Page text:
COVID-19 Watch: Closing Houses Of Worship

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COVID-19 Watch: Closing Houses Of Worship
State and local governments across the country are walking a cultural and legal divide, weighing public health and freedom of religious practice.
SHOW TRANSCRIPT

Over 95% of Americans live in a state that has directed them to stay at home except for the absolute necessities.

Some necessities are universal: groceries, drug stores, taking care of loved ones. But there’s one thing millions of Americans consider a necessity that has become the subject of heated debate — especially at this time of year.

Houses of worship everywhere have closed their doors. Still trying to support their communities, many have turned to curbside or remote services. That means observing Easter, Ramadan and Passover in ways they never have before. But a few continue holding services in-person.

This is Solid Rock Church outside Cincinnati, Ohio.

"If a virus takes me out, bring it on, Jesus. If the rapture takes me out, bring it on, Jesus. But I'm telling you what, no virus can touch me until God is through with me. Till he says I'm done with you. Nothing by any means can hurt me," said Pastor Lawrence Bishop II at a service at Solid Rock Church on April 5. 

The governor here banned gatherings of any size in the state, with this exception: In Ohio, there is no limit on the number of people that can meet for religious worship.

"It's legally permissible for the governor of Ohio to make that distinction. I think it's a terrible policy distinction and can lead to some pretty risky and perhaps horrifying health outcomes," said John Inazu, a professor of law and religion at Washington University in St. Louis.

The First Amendment protects the free exercise of religion. But like any right in our constitution, that right is not unlimited. So the state can always come up with reasons to limit any kind of rights if its interest is high enough."

I won't be able to meet for Easter services. And that is that's deeply sad. But it's also where we are right now."

Some COVID-19 deaths have been directly traced to the spread of the disease during religious gatherings.

That means that state and local governments are walking a cultural and legal divide — weighing public health against freedom of religious practice.

As of April 10, at least 14 states still allow religious gatherings of any size. A couple of these states have given minimal guidance on containing COVID-19. But other states have made exceptions: banning or limiting large gatherings except for religious worship.

Still, most states have placed limits on gatherings, including religious ones. These states face the tricky issue of enforcement.

"The people who get to decide which laws are enforced are the ones who are policing the streets," Inazu said.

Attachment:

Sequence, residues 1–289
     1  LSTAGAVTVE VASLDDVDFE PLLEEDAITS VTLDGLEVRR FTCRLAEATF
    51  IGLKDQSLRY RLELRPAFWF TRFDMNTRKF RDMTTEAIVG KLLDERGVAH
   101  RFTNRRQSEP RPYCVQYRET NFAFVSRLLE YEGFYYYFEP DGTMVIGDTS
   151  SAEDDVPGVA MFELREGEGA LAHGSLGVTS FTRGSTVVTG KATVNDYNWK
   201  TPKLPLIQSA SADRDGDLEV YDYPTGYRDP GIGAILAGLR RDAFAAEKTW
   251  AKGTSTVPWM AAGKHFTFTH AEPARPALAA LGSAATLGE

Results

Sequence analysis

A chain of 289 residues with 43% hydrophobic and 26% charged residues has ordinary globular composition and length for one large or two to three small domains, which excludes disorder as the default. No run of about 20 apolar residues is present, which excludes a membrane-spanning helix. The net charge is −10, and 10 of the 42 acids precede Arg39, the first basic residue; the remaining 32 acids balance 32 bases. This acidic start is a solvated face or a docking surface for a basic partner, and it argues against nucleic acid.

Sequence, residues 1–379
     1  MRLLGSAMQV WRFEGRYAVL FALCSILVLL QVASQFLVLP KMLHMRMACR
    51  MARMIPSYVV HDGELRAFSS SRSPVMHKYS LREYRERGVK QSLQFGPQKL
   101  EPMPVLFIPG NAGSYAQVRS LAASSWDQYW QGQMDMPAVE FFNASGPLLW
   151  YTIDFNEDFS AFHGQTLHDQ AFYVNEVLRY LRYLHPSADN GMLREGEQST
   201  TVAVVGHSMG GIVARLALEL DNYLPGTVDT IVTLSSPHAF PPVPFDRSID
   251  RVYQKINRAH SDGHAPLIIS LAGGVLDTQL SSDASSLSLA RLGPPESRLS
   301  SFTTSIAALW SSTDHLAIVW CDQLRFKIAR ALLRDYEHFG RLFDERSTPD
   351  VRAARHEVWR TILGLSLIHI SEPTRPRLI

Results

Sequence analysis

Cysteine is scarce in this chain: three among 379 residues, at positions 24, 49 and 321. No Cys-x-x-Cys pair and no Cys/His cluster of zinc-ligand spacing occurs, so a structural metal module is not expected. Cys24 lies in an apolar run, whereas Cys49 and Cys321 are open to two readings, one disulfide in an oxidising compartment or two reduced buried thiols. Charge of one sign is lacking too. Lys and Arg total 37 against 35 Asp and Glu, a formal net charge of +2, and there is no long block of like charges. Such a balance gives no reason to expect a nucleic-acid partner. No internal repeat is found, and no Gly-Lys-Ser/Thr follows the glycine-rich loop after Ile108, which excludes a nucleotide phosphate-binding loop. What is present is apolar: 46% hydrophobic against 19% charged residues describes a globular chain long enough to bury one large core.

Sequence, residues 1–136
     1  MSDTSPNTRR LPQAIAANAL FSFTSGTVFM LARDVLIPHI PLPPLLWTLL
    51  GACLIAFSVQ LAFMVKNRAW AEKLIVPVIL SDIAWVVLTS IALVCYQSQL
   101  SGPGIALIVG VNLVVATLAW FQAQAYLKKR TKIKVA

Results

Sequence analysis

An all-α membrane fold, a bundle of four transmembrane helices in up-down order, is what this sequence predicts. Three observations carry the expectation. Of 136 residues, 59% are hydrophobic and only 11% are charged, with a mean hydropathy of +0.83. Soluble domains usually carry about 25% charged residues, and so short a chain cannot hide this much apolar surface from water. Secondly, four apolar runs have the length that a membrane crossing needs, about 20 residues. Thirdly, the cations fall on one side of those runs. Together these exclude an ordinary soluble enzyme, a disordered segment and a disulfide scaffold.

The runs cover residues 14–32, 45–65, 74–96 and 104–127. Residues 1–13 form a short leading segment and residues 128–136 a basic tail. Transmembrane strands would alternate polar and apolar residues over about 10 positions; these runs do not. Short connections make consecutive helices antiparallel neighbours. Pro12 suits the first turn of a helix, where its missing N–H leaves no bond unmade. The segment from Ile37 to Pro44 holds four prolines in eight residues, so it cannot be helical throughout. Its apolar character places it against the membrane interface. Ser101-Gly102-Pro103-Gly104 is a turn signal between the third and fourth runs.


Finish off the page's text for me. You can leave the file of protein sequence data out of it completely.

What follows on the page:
In some states, religious groups have decided to gather in defiance of the law.  After weeks of holding services, A Louisiana pastor was finally arrested. 

"The National Football League stadiums are closed, the barrooms and nightclubs are closed, but the church is still open," said Pastor Tony Spell of the Life Tabernacle Church near Baton Rouge, Louisiana.  

And after several police calls to large funerals in New York, the NYPD said it would start issuing $1,000 fines to violators.

Others have seen their governors begging these groups to stop what they’re doing.

"And to the the Bullitt County pastor that is continuing to have service," said Kentucky Gov. Andy Beshear, "we know as a scientific fact that him holding his service today spread the virus within his congregation. And at Christmas, he's going to have fewer people in his congregation."

And while Inazu says that states can certainly ban religious gatherings, defining what is "essential" raises questions.

"If you start having states and localities saying Home Depot can stay open and the coffee shop can stay open, then suddenly a key question here then becomes, well, what's an essential business?" he said.

“Our stupid governor says you can’t get together with your family for Easter. Well, they’re going to stand at my front door and see how my people go,” said Pastor Jack Roberts of Maryville Baptist Church in Louisville, Kentucky. 

And sometimes it’s not only religious leaders who don’t agree with their government — it's the government itself that doesn’t agree.

In Kansas, the governor banned religious gatherings, but the state legislature overruled her.

Many religious groups aren’t getting caught up in the debate. They’re just finding ways to do the critical work that needs to be done right now in their communities.

"I think most religious leaders I'm talking to are, more than ever, trying to figure out how to get food to the hungry and shelter to the homeless and those sorts of things, which are core to what a lot of religious people care about in practice," Inazu said.